No. 67 Drying Rewetted Kiln-Dried Lumber With prompt attention, dried lumber that has been rewetted, either by prolonged high humidities or exposure to liquid water, can quickly and easily by redried to previous conditions, without much risk of staining, checking or warping, using the procedures outlined in this fact sheet.
No. 68 Causes and Cures for Warp in Drying This publication covers the physics of wood shrinkage and discuss each the of three types of warp–cup, bow and crook–in terms of its causes, likely locations in a log from which lumber might suffer from it, and preventative measures which can alleviate the warping problem, where possible.
No. 69 Calculating the Weight of Lumber With the procedures and equations in this publication, the average weight of 1000 board feet of lumber can be calculated for any species.
No. 70 Ideas for Increasing Sawmill Profitability Several means for increasing sawmill profitability are presented in this paper. Each requires time and effort to implement; some require large capital investments while others required very little cash. With these ideas, you should be able to invest a little and make a lot!
No. 71 Determine Your Basis… And Keep More Timber Income Knowing your timber’s worth at the time you acquired it, your “timber basis”, can reduce the amount of taxes you owe on timber sale income. This publication explains how to use your basis when filing income taxes if you did not do so at the time of acquisition.
No. 73 Selected Sawmilling and Drying Publications A bibliography of over 40 useful publications listed under the headings of “Saws”, “Sawmills”, “Marketing”, and “Drying/Storage”.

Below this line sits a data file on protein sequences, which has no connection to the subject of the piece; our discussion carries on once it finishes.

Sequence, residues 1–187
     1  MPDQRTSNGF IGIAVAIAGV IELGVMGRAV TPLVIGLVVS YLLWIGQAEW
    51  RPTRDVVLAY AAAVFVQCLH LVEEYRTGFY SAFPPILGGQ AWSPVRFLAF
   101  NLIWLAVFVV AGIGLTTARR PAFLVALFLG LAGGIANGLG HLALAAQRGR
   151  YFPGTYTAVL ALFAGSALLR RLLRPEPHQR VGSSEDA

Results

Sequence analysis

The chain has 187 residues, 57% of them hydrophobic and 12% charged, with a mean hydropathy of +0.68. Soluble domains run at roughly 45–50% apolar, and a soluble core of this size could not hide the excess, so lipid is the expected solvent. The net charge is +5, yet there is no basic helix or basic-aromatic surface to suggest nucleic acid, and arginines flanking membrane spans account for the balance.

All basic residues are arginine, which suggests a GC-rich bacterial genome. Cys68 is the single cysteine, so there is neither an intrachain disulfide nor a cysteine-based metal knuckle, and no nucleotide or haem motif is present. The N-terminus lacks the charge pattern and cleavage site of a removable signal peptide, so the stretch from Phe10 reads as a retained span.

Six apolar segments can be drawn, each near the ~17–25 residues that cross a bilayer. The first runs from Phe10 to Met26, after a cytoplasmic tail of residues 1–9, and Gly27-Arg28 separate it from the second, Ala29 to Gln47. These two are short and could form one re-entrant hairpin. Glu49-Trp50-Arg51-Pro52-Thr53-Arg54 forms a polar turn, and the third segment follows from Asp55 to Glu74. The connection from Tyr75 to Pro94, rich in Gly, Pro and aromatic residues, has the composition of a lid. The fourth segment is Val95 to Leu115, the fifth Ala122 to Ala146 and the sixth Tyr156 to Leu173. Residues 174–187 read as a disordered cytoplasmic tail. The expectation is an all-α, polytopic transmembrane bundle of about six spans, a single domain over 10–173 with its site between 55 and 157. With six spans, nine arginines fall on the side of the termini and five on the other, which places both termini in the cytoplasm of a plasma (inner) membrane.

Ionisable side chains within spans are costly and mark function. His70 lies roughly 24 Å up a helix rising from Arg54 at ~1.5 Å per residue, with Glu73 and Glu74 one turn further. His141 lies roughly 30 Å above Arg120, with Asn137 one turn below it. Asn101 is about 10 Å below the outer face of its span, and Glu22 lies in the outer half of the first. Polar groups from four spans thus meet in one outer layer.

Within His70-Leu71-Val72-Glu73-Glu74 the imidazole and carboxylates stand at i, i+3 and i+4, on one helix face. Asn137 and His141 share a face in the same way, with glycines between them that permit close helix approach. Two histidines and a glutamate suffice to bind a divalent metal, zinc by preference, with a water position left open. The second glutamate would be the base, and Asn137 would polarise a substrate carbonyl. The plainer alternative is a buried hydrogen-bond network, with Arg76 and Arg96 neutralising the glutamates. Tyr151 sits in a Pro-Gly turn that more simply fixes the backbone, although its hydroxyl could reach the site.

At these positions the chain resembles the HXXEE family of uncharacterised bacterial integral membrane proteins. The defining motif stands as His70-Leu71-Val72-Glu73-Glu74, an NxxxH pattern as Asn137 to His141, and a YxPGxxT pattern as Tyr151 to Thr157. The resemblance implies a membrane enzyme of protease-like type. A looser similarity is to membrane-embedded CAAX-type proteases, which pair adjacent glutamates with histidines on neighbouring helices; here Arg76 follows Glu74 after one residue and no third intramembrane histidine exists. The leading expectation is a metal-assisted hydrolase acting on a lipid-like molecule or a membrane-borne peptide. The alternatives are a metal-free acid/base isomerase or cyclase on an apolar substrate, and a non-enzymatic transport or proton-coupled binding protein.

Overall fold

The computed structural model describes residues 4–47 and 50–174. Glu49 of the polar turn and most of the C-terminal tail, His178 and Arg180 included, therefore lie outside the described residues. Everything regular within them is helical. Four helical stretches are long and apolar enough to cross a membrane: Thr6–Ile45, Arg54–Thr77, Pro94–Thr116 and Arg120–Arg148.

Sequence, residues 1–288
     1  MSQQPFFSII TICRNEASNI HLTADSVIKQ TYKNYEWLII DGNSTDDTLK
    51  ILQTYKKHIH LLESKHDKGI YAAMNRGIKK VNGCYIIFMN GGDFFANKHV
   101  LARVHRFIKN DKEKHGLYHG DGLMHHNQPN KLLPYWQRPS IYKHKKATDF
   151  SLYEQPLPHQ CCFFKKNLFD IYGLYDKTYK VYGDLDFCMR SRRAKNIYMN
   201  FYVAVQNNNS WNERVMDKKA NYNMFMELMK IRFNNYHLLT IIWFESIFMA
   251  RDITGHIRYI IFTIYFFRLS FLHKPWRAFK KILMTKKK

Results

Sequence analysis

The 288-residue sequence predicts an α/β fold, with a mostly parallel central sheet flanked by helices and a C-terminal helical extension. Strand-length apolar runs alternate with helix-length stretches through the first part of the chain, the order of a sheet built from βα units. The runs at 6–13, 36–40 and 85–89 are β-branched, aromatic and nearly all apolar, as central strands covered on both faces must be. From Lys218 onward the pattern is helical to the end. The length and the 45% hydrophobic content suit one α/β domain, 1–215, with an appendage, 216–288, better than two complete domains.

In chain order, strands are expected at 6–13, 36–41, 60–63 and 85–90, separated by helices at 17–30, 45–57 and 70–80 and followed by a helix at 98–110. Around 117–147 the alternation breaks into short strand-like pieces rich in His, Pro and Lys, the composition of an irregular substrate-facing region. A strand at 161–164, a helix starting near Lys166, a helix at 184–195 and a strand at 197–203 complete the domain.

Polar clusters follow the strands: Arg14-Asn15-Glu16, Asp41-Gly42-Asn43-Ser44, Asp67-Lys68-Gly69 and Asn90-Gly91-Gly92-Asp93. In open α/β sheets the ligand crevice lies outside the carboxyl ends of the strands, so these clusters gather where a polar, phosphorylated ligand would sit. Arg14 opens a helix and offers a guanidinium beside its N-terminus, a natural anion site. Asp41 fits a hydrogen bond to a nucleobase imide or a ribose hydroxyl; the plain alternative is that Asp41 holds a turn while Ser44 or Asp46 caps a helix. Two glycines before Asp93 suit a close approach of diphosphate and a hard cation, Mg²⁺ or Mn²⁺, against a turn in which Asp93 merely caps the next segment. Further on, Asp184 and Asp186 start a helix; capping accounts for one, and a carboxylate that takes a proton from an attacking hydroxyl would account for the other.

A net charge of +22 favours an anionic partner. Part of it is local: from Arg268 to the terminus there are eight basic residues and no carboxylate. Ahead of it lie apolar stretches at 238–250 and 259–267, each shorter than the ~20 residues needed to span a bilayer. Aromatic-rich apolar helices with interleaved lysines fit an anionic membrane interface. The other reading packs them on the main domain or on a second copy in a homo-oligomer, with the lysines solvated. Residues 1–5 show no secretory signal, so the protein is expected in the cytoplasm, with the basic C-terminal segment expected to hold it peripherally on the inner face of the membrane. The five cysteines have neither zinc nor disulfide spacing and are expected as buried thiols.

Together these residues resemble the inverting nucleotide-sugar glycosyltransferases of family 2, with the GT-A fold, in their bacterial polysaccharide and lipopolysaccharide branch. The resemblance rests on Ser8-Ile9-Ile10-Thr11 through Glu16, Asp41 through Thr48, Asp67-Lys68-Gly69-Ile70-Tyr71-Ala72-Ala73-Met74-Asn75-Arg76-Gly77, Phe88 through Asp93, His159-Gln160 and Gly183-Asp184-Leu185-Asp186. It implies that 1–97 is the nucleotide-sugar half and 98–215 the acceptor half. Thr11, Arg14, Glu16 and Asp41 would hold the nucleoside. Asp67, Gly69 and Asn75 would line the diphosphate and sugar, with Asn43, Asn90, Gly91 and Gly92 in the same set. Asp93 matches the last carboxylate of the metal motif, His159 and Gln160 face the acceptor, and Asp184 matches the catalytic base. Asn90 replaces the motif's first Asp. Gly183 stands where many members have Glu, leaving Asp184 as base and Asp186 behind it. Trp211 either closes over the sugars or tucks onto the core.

No. 74 Guidelines for Grading Hardwood Logs This paper details the potential benefits of employing the USDA Forest Service factory log grading system. The rules are described and illustrated, and grading procedures are explained in detail, including the definition and treatment of defects.
No. 75 Hiring a Consulting Forester Describes benefits of using a consultant, typical services provided, how to find a consultant and what to ask them. Also includes a sample contract.
Herbicides for Forest Management We no longer publish this information, but it is available on the Internet from the DNR at this link. The latest information on appropriate herbicides for use in forestry operations. Four tables indicate effectiveness of various herbicides on different species of weeds, brush and trees; a comparison of the various herbicides (timing, application, etc.); and a summary of herbicides useful in site preparation and tree planting.
No. 77 Timber Harvest Effects on Nongame Birds Compiles the latest research information relating to harvest effects on nongame birds. Compares relative bird abundance for different stages of forest growth in northern hardwoods.
No. 78 Forest Succession An important concept of forest ecology, plant succession, in terms of forest vegetation is explained. A description of the major successional stages is given, and the impact of succession on our forest management decisions is addressed.